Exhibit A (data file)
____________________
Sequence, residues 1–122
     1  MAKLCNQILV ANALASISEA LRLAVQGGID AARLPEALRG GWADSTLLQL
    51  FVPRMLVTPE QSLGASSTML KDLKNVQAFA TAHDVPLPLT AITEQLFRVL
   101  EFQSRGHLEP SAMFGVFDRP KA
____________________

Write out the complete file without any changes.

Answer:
Sequence, residues 1–122
     1  MAKLCNQILV ANALASISEA LRLAVQGGID AARLPEALRG GWADSTLLQL
    51  FVPRMLVTPE QSLGASSTML KDLKNVQAFA TAHDVPLPLT AITEQLFRVL
   101  EFQSRGHLEP SAMFGVFDRP KA